A company that contracts to provide passenger wheelchair assistance at John F. Kennedy International Airport in New York City is being accused of religious discrimination. The charge comes from the New York City Human Rights Commission, which says the company, which offers services to 32 airlines and employs some 250 workers at Terminal 4, violated worker rights by not allowing them breaks during which to pray during daily prayers or to eat after fasting for Ramadan.
According to USA Today, supervisors reportedly harassed workers who follow Islam via a radio system whenever the employees requested prayer time breaks. Those messages were reportedly spiteful and included statements like, “We don’t care about Ramadan” and assertions that workers would be given breaks at company-designated times, not worker-designated times.
If the allegations are proven, they would carry a maximum civil penalty of $250,000, on top of compensatory damages that might be paid to workers. The deputy commissioner of the city’s law enforcement bureau that religious discrimination will not be tolerated and that employees of every faith have the right to ask for religious accommodations. Further, no worker should be harassed or otherwise discriminated against for asking to have a break during which to adhere to observance of their faith.
While the city is taking a strong stance on this case, there is concern that federal actions, such as the recently-enacted immigration ban that blocks entry from seven Muslim-majority countries but gives preference to Christian minorities, could be seen as an invitation to engage in religious discrimination with impunity. But as of right now, California and federal laws do prohibit employment discrimination on the basis of religion, so victims of religious discrimination can pursue recompense.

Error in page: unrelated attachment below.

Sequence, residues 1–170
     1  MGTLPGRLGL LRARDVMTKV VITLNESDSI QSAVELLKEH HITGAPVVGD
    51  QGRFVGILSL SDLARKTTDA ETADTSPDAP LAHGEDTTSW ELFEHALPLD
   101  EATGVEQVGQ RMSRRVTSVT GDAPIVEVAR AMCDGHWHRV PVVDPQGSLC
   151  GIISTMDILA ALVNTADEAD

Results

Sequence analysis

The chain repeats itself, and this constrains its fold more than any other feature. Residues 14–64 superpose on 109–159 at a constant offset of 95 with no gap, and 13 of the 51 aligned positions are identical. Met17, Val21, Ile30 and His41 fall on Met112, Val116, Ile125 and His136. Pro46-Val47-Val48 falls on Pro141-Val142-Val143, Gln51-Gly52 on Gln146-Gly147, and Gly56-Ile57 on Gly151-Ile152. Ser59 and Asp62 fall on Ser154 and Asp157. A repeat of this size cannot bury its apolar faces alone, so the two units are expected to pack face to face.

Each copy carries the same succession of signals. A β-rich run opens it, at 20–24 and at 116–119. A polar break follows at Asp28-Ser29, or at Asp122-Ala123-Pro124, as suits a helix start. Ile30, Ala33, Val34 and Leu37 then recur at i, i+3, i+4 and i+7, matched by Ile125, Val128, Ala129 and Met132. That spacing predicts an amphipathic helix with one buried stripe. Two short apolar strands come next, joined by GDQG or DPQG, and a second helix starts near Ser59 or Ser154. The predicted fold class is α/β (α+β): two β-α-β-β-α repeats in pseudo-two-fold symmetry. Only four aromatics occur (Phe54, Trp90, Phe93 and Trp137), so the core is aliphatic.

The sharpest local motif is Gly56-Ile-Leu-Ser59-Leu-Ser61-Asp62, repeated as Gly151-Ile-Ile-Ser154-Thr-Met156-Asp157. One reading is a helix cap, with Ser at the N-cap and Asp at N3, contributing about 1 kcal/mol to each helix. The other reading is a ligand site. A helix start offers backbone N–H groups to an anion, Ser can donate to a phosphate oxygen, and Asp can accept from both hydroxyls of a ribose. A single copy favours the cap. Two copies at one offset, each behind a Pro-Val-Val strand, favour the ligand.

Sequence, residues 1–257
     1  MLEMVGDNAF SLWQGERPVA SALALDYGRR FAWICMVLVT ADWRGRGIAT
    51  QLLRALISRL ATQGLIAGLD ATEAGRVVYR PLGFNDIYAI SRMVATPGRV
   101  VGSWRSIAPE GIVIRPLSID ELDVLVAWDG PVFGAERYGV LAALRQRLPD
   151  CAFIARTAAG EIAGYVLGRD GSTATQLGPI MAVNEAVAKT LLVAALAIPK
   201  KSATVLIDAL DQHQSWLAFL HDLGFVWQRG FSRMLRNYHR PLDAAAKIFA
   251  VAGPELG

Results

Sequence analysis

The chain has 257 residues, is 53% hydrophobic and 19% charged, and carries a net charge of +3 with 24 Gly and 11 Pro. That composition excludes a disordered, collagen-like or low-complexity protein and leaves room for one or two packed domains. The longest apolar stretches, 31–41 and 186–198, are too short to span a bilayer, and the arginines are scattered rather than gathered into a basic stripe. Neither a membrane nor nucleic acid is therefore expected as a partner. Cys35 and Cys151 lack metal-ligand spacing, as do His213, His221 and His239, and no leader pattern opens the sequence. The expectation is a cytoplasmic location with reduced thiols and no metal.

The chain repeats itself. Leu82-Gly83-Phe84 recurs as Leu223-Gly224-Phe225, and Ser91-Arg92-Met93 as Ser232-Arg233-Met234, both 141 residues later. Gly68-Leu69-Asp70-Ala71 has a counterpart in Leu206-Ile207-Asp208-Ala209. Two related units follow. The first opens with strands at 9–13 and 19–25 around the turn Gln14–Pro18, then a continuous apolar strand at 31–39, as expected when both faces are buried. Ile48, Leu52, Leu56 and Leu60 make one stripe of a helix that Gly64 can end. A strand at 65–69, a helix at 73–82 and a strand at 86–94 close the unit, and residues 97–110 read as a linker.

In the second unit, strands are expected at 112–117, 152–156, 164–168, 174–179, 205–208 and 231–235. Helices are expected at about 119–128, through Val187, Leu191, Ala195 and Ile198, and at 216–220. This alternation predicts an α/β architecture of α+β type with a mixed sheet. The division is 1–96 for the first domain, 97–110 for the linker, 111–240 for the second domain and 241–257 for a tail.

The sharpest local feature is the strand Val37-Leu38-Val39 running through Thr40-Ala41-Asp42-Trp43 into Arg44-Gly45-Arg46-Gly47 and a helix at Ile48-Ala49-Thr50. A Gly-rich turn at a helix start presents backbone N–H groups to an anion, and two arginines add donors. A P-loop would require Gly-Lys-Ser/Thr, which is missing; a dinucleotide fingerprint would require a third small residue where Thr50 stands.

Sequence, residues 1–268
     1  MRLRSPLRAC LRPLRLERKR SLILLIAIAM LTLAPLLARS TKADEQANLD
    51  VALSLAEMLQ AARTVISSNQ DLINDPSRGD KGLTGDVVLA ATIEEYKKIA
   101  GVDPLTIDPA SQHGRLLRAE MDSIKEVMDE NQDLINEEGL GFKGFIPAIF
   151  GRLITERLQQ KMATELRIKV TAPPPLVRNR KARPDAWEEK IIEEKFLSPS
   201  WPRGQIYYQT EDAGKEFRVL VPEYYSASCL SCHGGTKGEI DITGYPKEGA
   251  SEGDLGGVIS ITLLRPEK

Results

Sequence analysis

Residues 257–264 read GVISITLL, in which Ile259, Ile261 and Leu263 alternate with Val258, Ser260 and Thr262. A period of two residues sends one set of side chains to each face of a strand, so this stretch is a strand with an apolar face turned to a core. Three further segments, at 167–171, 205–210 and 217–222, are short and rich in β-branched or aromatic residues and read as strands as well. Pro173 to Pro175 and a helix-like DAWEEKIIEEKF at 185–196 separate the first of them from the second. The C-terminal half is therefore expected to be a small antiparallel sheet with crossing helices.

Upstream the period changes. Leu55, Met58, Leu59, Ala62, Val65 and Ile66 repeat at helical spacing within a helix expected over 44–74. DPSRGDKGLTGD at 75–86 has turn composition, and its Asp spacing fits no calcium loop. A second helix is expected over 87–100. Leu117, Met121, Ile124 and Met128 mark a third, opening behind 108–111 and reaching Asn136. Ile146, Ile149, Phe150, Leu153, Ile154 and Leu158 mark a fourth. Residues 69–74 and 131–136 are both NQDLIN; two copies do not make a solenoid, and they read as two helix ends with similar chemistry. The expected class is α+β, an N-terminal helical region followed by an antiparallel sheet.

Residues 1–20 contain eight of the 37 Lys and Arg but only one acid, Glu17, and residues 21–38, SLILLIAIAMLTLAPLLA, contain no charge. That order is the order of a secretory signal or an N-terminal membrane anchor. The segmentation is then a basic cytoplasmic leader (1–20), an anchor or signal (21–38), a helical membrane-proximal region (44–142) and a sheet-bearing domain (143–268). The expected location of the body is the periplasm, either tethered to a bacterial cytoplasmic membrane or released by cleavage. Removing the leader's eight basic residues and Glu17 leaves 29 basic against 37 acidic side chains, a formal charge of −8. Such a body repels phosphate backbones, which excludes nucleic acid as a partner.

The commission in New York handles human rights law cases in 22 different categories of employment discrimination. Last year, there were 900 claims made to that agency, which represents a 30 percent uptick, particularly for claims regarding race, religion, national origin and immigration status.
New York City Mayor Bill de Blasio was quoted as saying that discrimination touches every part of our daily lives, including, increasingly, the workplace, and that it is “now more than ever important for everyone to stand up to discrimination and hate, and to protect the rights of Muslim Americans.”
While the majority of religious discrimination lawsuits are filed by individuals, it’s the human rights commission in that city that has filed action against the employer for reportedly engaging in a pattern or practice of violations. Thus far, three workers have accused the company of being discriminatory, but the investigation, which will include ongoing interviews of named supervisors, could reveal additional violations.
One of the victims, a 24-year-old who worked for the company for six months, told a reporter that she would not be allowed to take prayer breaks and her only recourse was to complain to the union. It is important in the Islamic faith to pray five times daily.
Then during Ramadan, when believers do not eat from sunrise to sunset, she pushed her break back to 8 p.m. so that she could break her fast. However, her bosses refused to extend her this accommodation. She reported that as a result, she felt sick and woozy, in addition to being emotionally upset. She was ultimately forced to quit and find other employment.
Contact the employment attorneys at Nassiri Law Group, practicing in Orange County, Riverside and Los Angeles. Call 714-937-2020.
NYC alleges religious discrimination by JFK airport contractor, Jan. 25, 2017, By Bart Jansen, USA Today
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